For the good of his health, Meyer must return a changed man

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Forget the medical specifics, which Urban Meyer clearly didn't want to address on Sunday. If Florida's current coach/former coach/current coach-in-waiting doesn't radically change his approach to his job, he made the wrong choice Sunday.

Saturday night, the 45-year-old Meyer painted a Norman Rockwell picture in an interview with The New York Times. The coach, at Christmastime, surrounded by wife and children deeply concerned for his well-being, tells the brood he's walking away from his high-paying, high-profile job for everyone's sake. "I didn't want there to be a bad day," Meyer told the paper, "where there were three kids sitting around wondering what to do next."

Sunday afternoon at a press conference in New Orleans, Meyer painted a Daniel Moore picture. The coach, watching the Gators bounce around on the practice field, decides he simply can't leave his players. As they sit on a plane on the Gainesville Regional Airport Tarmac waiting to take off for New Orleans, he tells them he's not stepping down. He's only taking a leave of absence of indeterminate length. Moments earlier, he told his family the same thing. The scene probably wasn't so touching this time.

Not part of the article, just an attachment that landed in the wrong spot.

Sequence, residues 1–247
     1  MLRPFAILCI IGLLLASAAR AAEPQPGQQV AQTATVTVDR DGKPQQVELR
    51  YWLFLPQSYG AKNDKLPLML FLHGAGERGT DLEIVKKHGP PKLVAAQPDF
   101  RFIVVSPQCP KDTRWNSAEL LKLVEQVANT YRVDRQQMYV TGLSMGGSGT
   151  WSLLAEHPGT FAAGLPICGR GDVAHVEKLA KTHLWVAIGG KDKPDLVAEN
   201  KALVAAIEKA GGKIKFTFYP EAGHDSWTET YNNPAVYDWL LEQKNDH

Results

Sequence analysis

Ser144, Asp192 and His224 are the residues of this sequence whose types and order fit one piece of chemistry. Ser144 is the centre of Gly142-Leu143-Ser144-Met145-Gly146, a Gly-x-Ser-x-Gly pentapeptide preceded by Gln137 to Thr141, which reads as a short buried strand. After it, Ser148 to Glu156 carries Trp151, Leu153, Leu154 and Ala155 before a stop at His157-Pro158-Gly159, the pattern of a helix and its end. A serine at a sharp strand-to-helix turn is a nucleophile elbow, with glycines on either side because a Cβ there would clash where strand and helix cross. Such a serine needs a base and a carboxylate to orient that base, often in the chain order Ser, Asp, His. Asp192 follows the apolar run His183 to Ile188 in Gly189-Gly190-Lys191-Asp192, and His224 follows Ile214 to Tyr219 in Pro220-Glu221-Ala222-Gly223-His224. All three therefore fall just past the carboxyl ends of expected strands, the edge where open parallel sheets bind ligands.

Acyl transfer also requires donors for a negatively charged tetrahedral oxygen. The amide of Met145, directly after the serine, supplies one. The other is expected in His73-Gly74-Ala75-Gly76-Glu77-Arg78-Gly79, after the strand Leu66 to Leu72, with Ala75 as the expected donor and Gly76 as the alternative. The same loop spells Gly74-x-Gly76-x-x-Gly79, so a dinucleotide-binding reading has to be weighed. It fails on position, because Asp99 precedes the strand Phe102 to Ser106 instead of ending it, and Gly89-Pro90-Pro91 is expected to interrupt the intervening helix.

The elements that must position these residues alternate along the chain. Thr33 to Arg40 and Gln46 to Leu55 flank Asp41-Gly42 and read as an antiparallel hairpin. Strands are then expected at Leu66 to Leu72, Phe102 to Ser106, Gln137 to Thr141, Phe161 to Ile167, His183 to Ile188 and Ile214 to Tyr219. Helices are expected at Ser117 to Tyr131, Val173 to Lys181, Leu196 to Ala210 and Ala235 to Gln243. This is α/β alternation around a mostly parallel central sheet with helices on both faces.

Obviously, this is Meyer's choice. It's his life.

But if he comes back to the Gators the same Urban Meyer who rampaged through college football first at Bowling Green, then at Utah and then at Florida, then he's risking that life. He knows this. He admitted as much Sunday. "I've had a 30-year coaching career in nine years," Meyer said. "You can't do that. I just have to be smart. I'm not very smart. That's part of the problem."

Offensive coordinator Steve Addazio will guide the program for a while, but Meyer said Sunday his gut feeling is that he will coach the Gators for the 2010 season.

Meyer said he has suffered chest pains for four years. For the past two years, he has suffered severe chest pains. Though Meyer refused to acknowledge whether he needs any medical procedure to fix his current ailment, any medical weakness combined with his damn-the-torpedos style is a deadly cocktail. Meyer works so hard he forgets to eat. He frets so much he practically melts away as seasons progress.